Celtic Twilight Faerie and Folklore

ISBN-10: 0486436578
ISBN-13: 9780486436579
Edition: 2004
Authors: W. B. Yeats
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Description: Best known for his poetry, William Butler Yeats (1865-1939) was also a dedicated exponent of Irish folklore. Yeats took a particular interest in the tales' mythic and magical roots. The Celtic Twilight ventures into the eerie and puckish world of  More...

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Book details

List price: $8.95
Copyright year: 2004
Publisher: Dover Publications, Incorporated
Publication date: 9/7/2011
Binding: Paperback
Pages: 128
Size: 5.25" wide x 8.25" long x 0.25" tall
Weight: 0.286
Language: English

Best known for his poetry, William Butler Yeats (1865-1939) was also a dedicated exponent of Irish folklore. Yeats took a particular interest in the tales' mythic and magical roots. The Celtic Twilight ventures into the eerie and puckish world of fairies, ghosts, and spirits. "This handful of dreams," as the author referred to it, first appeared in 1893, and its title refers to the pre-dawn hours, when the Druids performed their rituals. It consists of stories recounted to the poet by his friends, neighbors, and acquaintances. Yeats' faithful transcription of their narratives includes his own visionary experiences, appended to the storytellers' words as a form of commentary. Unabridged republication of the classic 1902 edition.

In his 1940 memorial lecture in Dublin, T. S. Eliot pronounced Yeats "one of those few whose history is the history of their own time, who are a part of the consciousness of an age which cannot be understood without them." Modern readers have increasingly agreed, and some now view Yeats even more than Eliot as the greatest modern poet in our language. Son of the painter John Butler Yeats, the poet divided his early years among Dublin, London, and the port of Sligo in western Ireland. Sligo furnished many of the familiar places in his poetry, among them the mountain Ben Bulben and the lake isle of Innisfree. Important influences on his early adulthood included his father, the writer and artist William Morris, the nationalist leader John O'Leary, and the occultist Madame Blavatsky. In 1889 he met the beautiful actress and Irish nationalist Maud Gonne; his long and frustrated love for her (she refused to marry him) would inspire some of his best work. Often and mistakenly viewed as merely a dreamy Celtic twilight, Yeats's work in the 1890s involved a complex attempt to unite his poetic, nationalist, and occult interests in line with his desire to "hammer [his] thoughts into unity." By the turn of the century, Yeats was immersed in the work with the Irish dramatic movement that would culminate in the founding of the Abbey Theatre in 1904 as a national theater for Ireland. Partly as a result of his theatrical experience, his poetry after 1900 began a complex "movement downwards upon life" fully evident in the Responsibilities volume of 1914. After that he published the extraordinary series of great volumes, all written after age 50, that continued until the end of his career. Widely read in various literary and philosophic traditions, Yeats owed his greatest debt to romantic poetry and once described himself, along with his coworkers John Synge and Lady Isabella Augusta Gregory, as a "last romantic." Yet he remained resolutely Irish as well and presented in his verse a persona bearing a subtle, idealized relationship to his everyday self. Political events such as the Easter Rising and the Irish civil war found their way into his poetry, as did personal ones such as marriage to the Englishwoman Georgiana "Georgie" Hyde-Lees in 1917, the birth of his children, and his sometime home in the Norman tower at Ballylee. So, too, did his increasing status as a public man, which included both the Nobel Prize in 1923 and a term as senator of the Irish Free State (1922--28). Yeats's disparate activities led to a lifelong quest for what he called "unity of being," which he pursued by "antinomies," or opposites. These included action and contemplation, life and art, fair and foul, and other famous pairs from his poetry. The most original poet of his age, he was also in ways the most traditional, and certainly the most substantial. His varied literary output included not only poems and plays but an array of prose forms such as essays, philosophy, fiction, reviews, speeches, and editions of folk and literary material. He also frequently revised his own poems, which exist in various published texts helpfully charted in the Variorum edition (1957).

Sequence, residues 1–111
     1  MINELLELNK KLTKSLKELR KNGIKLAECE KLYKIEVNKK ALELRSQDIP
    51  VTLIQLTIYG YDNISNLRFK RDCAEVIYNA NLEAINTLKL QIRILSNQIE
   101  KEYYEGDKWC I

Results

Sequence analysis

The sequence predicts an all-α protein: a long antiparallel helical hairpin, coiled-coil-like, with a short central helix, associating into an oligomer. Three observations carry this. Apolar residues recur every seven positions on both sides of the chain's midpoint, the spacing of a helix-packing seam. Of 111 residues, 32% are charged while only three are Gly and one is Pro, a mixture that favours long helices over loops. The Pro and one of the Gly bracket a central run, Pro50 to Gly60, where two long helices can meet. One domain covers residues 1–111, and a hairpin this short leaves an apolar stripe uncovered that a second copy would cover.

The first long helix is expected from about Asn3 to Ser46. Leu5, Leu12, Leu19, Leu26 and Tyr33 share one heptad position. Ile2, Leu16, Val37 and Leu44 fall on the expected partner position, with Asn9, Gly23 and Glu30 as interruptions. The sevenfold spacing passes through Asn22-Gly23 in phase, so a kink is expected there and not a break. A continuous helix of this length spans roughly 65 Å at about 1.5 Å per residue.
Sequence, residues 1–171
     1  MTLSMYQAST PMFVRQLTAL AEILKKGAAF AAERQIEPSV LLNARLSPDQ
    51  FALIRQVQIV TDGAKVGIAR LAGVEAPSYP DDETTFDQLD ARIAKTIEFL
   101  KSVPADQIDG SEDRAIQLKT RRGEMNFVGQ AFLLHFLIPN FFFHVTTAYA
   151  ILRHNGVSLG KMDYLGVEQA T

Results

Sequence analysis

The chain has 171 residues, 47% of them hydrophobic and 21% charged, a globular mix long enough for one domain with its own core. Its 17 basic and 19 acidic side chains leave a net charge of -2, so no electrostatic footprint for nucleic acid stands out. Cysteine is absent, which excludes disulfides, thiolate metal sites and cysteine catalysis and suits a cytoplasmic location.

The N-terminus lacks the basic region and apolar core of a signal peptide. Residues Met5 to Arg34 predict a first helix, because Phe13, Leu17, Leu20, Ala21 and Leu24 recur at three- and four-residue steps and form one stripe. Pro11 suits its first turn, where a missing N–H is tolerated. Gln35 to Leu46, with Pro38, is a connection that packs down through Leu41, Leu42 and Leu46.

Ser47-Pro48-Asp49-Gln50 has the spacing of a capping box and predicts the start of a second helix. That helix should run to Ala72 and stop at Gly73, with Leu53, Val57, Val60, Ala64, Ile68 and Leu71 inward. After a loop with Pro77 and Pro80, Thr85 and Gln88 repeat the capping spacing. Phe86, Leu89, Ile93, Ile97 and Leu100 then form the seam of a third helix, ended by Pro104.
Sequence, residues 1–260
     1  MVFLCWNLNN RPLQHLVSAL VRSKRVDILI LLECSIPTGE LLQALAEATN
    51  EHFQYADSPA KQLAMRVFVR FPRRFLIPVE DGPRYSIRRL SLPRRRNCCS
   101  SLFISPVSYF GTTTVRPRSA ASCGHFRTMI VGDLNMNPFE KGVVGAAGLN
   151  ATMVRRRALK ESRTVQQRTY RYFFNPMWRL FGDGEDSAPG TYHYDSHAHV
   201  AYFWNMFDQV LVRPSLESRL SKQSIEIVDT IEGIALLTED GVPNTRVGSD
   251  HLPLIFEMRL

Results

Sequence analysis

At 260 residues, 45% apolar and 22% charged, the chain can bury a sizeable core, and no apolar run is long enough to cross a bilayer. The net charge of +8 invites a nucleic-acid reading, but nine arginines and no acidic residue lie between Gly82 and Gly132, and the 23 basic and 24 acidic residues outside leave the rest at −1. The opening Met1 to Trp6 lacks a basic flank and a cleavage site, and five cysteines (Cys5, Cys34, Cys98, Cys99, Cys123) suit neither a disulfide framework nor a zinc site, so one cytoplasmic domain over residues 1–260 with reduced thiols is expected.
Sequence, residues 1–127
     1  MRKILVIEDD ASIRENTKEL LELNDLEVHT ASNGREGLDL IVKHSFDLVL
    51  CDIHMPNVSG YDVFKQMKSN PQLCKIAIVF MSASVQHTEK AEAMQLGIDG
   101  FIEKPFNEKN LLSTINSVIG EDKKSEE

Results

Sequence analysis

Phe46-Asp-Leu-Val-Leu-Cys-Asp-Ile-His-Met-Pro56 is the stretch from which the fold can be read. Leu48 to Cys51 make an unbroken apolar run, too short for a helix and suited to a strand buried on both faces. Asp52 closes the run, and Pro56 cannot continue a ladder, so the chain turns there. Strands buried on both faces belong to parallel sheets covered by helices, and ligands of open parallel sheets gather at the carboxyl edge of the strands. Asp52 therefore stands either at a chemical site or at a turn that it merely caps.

This Book
A Teller of Tales
Belief and Unbelief
Mortal Help
A Visionary
Village Ghosts
"Dust Hath Closed Helen's Eye"
A Knight of the Sheep
An Enduring Heart
The Sorcerers
The Devil
Happy and Unhappy Theologians
The Last Gleeman
Regina, Regina Pigmeorum, Veni
"And Fair, Fierce Women"
Enchanted Woods
Miraculous Creatures
Aristotle of the Books
The Swine of the Gods
A Voice
Kidnappers
The Untiring Ones
Earth, Fire and Water
The Old Town
The Man and His Boots
A Coward
The Three O'Byrnes and the Evil Faeries
Drumcliff and Rosses
The Thick Skull of the Fortunate
The Religion of a Sailor
Concerning the Nearness Together of Heaven, Earth, and Purgatory
The Eaters of Precious Stones
Our Lady of the Hills
The Golden Age
A Remonstrance with Scotsmen for Having Soured the Disposition of Their Ghosts and Faeries
War
The Queen and the Fool
The Friends of the People of Faery
Dreams That Have No Moral
By the Roadside
Into the Twilight

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